Solver, WePlayCiv Co-Administrator
                        Contact: solver-at-weplayciv-dot-com
                        I can kill you whenever I please... but not today. - The Cigarette Smoking Man

                        Comment


                        • #27
                          I recall Soren being surprised when people pointed out that the AI knew where certain things were and calling that cheating. His response was something like 'Of course the AI cheats like this, but that's no big deal.' I could dig up the thread.

                          My point, actually, is that if the AI can't be made to do these things without cheating, then a certain bit of 'help' would be fine with me. For example, maybe the AI simply gets to know the quality of planets before I do, or it gets wider range sensors or something.
                          I've been on these boards for a long time and I still don't know what to think when it comes to you -- FrantzX, December 21, 2001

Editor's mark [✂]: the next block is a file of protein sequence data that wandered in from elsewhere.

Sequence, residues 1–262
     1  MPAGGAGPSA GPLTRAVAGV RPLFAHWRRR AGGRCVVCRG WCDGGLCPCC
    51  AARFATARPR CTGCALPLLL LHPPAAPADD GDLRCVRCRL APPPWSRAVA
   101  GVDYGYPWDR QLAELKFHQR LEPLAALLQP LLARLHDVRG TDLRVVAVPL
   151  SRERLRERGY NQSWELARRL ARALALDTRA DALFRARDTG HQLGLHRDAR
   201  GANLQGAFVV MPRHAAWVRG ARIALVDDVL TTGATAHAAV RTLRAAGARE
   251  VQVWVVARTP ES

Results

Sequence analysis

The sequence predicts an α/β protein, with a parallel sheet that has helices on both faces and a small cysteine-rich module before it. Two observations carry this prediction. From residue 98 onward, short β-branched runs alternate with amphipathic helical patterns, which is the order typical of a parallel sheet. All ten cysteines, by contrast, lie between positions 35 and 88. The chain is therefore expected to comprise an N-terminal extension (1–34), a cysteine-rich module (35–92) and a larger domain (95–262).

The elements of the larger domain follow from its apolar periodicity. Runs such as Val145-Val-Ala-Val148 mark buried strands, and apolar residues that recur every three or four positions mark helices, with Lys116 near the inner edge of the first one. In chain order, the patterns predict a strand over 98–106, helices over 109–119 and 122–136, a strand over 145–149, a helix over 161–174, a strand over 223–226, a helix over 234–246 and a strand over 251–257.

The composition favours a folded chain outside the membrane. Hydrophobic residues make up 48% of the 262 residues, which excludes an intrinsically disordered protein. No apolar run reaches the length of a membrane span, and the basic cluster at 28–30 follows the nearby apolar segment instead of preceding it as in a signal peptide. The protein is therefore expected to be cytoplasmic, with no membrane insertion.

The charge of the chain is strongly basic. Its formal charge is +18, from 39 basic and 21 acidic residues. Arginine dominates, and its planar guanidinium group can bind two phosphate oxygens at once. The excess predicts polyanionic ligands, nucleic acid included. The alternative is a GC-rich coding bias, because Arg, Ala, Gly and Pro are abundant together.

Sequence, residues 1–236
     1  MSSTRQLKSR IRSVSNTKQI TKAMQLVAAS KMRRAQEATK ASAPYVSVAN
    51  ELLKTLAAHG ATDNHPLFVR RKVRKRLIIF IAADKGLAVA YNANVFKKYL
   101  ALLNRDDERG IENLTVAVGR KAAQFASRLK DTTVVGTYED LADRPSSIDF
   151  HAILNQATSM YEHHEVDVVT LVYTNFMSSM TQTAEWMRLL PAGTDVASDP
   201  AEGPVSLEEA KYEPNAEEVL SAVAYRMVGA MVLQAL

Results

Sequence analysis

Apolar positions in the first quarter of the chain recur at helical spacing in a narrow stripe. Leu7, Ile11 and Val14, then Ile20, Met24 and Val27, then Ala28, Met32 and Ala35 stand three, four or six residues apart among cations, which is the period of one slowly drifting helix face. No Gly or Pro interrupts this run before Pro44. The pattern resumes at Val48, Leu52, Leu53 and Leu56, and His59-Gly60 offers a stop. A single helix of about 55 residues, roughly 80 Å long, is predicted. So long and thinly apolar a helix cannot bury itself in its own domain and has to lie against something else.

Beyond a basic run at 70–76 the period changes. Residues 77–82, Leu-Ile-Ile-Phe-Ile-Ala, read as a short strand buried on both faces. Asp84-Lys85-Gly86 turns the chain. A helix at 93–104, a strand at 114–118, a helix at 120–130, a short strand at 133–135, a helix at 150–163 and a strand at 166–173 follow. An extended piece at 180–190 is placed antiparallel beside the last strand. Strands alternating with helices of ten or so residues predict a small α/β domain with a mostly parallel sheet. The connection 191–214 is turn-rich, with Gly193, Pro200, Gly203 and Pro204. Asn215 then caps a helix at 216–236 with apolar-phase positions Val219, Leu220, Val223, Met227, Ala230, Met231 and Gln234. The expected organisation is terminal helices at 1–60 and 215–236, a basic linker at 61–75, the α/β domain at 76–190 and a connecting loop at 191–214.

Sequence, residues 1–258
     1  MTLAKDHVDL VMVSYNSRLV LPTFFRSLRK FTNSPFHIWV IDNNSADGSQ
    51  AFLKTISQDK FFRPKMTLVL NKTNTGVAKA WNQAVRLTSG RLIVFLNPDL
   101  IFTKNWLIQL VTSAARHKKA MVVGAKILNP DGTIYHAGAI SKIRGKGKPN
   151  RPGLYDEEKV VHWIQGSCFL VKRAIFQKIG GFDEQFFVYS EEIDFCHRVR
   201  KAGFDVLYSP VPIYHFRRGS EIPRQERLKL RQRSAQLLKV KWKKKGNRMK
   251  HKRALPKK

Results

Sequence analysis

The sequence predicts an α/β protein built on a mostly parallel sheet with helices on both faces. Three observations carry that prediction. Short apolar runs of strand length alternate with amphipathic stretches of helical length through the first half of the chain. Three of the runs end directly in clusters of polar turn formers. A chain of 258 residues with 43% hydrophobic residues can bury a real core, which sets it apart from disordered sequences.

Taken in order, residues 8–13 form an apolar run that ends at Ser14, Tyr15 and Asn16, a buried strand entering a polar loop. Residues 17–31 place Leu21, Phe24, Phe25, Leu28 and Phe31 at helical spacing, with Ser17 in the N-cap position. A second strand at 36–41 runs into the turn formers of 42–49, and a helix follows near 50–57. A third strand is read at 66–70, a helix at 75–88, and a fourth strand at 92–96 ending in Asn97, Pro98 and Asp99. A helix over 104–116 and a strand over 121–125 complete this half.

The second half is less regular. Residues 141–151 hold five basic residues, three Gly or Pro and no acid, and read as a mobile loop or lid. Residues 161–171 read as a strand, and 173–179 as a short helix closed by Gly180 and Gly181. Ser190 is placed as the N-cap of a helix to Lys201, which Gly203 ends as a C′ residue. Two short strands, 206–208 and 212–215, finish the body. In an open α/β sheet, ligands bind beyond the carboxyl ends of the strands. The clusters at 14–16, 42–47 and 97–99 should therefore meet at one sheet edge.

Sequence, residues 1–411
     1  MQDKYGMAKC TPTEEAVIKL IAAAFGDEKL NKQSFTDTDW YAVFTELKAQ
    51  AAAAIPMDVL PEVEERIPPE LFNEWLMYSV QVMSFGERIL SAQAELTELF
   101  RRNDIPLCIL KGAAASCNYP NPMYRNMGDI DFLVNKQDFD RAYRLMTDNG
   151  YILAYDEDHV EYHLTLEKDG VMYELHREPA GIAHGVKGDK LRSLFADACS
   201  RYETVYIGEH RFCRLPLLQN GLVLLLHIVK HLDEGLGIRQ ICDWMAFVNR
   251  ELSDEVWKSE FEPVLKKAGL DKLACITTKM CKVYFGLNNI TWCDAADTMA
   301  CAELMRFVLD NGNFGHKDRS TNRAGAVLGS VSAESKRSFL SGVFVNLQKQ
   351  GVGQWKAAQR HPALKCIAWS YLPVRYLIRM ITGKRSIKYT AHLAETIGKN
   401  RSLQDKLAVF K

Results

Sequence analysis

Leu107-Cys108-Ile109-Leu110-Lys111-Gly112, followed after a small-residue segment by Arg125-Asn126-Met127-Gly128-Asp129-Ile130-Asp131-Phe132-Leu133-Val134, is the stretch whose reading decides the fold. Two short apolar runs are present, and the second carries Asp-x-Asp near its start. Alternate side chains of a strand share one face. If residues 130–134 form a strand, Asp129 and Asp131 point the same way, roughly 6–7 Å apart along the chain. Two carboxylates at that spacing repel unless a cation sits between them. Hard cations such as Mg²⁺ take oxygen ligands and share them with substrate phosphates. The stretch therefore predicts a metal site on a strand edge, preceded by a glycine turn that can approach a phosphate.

"Yin": Your friendly, neighborhood negative cosmic force.

                          Comment


                          • #28
                            Well, in this particular example, the AI doesn't really need to know planet qualities beforehand. It does a pretty fair job anyway, though that extra bit of investigation could be a good addition. I'd say that the GalCiv2 AI doesn't really need any information cheats - in GalCiv2 AI, there's not much hidden information. With just minimal espionage investment, you know lots about other civs anyway, there are no resources that pop up in the mid-game, ships defending a planet are visible, etc.
                            Solver, WePlayCiv Co-Administrator
                            Contact: solver-at-weplayciv-dot-com
                            I can kill you whenever I please... but not today. - The Cigarette Smoking Man